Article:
There is no experimental structure available for TMPRSS2 and its domains. We used a deep-learning contact-guided protein structure assembly approach, C-I-TASSER[9], to model the structure of the catalytic domain of TMPRSS2 (Figure 1b). The model had a C-score[10] of 0.45, which corresponded to the estimated TM-score[11] of 0.89. Here, the C-score was a confidence score for estimating the global quality of predicted models by C-I-TASSER; based on large-scale benchmark tests, C-I-TASSER models with a C-score > −2.5 correspond to a correct fold with a TM-score > 0.5. The model also had high local structure quality, with a MolProbity[12] score of 0.91, which ranked at the 100th percentile. This puts the structure models amongst the best structures of a comparable solution by comparison with a representative set of experimental structures collected from the Protein Data Bank (PDB). Our model exhibited a very high structural similarity (e.g., TM-score > 0.95) to the reported models generated by homology modeling approaches. Compared with the homology models built on a single template, our C-I-TASSER model was constructed by considering the consensus of multiple templates (PDB IDs: 7meq, 3w94, 4dgj, and 6eso) and, thus, avoided the modeling bias toward a single experimental structure.
A typical feature of trypsin or a trypsin-like protease is the deeply buried negatively charged aspartic acid in the S1 pocket, which specifically recognizes the positively charged arginine or lysine at the P1 site of a protein substrate. In TMPRSS2, such an aspartic acid residue is Asp435 (Figure 1b); there is no other aspartic acid residue in the S1 pocket. Besides, the catalytic elements of TMPRSS2 include a well-established catalytic triad (Ser441–His296–Asp345) indicated by the hydrogen-bonding network and two oxyanion holes (i.e., the main-chain amide groups of Ser441 and Gly439) (Figure 1b). The ideal configuration of these catalytic elements also suggested a good quality of the TMPRSS2 model. TMPRSS2 can prime the spike proteins at the S2′ cleavage site for SARS-CoV and SARS-CoV-2 (Figure 1c). We used a protein–peptide docking tool HPEPDOCK[13] to predict the binding mode of the P1-P1′-P2′-P3′ tetrapeptide (RSFI, Figure 1c) extracted from SARS-CoV/SARS-CoV-2 bound to the binding pocket of TMPRSS2. In the top one pose, the P1 arginine was predicted to form bidentate salt bridge interactions with Asp435, while the Oγ atom of the catalytic Ser441 is 3.4 Å to the carbonyl atom of the P1 arginine (Figure 1b) within the van der Waals contact distance (3.5 Å) that is critical for the subsequent bond-breaking catalysis. The predicted binding interactions mimic those made between trypsin and its natural substrate, in which the lysine side-chain amino group interacts with the conserved aspartic acid in the S1 pocket (Figure 1d).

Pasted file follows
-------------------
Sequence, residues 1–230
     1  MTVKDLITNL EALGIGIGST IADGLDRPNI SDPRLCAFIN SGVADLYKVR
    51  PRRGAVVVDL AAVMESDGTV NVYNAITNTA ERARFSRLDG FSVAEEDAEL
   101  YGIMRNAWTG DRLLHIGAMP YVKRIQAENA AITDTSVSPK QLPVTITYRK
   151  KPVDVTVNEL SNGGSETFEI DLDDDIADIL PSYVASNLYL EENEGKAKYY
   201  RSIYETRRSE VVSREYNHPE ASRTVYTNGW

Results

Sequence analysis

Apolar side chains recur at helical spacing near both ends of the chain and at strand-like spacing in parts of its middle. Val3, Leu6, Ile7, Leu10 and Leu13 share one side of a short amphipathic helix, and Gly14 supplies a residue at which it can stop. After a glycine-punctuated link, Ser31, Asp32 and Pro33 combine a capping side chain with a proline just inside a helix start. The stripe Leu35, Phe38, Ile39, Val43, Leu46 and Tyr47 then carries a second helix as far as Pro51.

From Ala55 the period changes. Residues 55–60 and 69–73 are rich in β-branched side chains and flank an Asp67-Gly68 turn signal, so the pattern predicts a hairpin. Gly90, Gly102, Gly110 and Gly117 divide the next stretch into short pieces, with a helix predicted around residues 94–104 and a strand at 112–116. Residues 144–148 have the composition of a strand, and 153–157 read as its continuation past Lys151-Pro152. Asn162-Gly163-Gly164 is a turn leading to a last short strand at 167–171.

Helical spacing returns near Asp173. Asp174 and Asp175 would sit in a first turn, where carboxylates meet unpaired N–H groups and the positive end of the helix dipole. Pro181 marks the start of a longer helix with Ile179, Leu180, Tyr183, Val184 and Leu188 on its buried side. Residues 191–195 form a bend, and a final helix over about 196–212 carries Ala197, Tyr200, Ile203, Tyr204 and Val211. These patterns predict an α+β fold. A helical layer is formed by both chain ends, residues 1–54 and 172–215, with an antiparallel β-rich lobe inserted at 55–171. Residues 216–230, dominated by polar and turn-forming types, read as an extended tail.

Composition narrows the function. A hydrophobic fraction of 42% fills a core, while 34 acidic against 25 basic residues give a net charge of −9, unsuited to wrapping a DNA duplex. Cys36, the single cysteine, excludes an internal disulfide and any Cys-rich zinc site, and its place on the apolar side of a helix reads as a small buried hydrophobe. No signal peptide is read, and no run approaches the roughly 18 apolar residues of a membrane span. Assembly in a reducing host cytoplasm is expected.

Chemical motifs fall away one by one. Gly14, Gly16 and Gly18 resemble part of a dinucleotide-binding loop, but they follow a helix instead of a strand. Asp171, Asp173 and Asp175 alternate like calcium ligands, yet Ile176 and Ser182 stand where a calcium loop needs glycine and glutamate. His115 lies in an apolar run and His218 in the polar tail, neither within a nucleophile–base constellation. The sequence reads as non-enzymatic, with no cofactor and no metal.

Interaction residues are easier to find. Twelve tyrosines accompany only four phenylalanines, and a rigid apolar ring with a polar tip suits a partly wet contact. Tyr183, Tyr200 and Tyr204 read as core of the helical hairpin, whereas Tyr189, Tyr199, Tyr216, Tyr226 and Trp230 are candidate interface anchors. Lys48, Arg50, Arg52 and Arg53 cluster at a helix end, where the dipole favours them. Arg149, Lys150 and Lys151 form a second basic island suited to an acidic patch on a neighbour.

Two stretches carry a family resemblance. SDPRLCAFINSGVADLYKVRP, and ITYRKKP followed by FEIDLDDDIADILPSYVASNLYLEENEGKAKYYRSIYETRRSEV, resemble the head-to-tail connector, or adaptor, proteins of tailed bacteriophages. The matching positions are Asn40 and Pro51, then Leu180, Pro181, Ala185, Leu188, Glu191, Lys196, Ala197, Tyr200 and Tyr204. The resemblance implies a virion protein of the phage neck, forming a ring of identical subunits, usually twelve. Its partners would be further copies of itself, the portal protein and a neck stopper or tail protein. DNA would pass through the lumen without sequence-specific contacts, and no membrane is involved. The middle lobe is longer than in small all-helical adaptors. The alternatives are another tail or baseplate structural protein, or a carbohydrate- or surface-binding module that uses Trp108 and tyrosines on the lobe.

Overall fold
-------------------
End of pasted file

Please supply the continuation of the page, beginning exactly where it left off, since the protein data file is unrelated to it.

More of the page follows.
3. Guanidinobenzoyl- or Aminidinobenzoyl-Containing Drugs

Previous studies revealed that a positively charged group that mimics arginine or lysine in a natural substrate of trypsin was important for a drug acting as an inhibitor to the trypsin-like TMPRSS2[8][14][15]. Specifically, the guanidinobenzoyl and/or aminidinobenzoyl group in Camostat or Nafamostat could form stable binding interactions with the conserved Asp435 in the S1 pocket in TMPRSS2 and lead to inhibition. Compared with Camostat and Nafamostat, Gabexate, which contains an arginine-like side-chain, showed only a weak inhibitory potency[5][6]. Considering that a drug's rigidity is crucial for high-affinity binding due to its low conformational entropy effect[6][16][17], we preferentially considered drugs with guanidinobenzoyl or aminidinobenzoyl rather than an arginine- or lysine-like side-chain group; the former two groups have far fewer degrees of freedom and are, hence, more rigid. We searched DrugBank for FDA-approved or investigational drugs that contain guanidinobenzoyl or guanidinobenzoyl and obtained a small library of 13 drugs (Figure 2). 
Figure 2. Molecular formulas of the 13 drugs investigated in this work. The guanidinobenzoyl and aminidinobenzoyl groups are highlighted in blue.
Among the 13 drugs, Camostat is a serine protease inhibitor approved in Japan for the treatment of chronic pancreatitis and postoperative reflux esophagitis. Nafamostat is a synthetic serine protease inhibitor approved as an anticoagulant therapy for patients undergoing continuous renal replacement therapy due to acute kidney injury and used for the treatment of acute pancreatitis in Japan. Camostat and Nafamostat were demonstrated to be effective TMPRSS2 inhibitors and are in clinical trials for COVID-19 treatment. It was speculated that Camostat and Nafamostat are covalent TMPRSS2 inhibitors, because their ester bonds can be cleaved by serine proteases; this speculation was supported by their low nanomolar-level inhibitory behaviors. In contrast, the other drugs do not contain a cleavable ester bond adjacent to the guanidinobenzoyl or aminidinobenzoyl group and may only function as a noncovalent TMPRSS2 inhibitor. Except for Camostat and Nafamostat, none of the other drugs have been clinically investigated for COVID-19 treatment.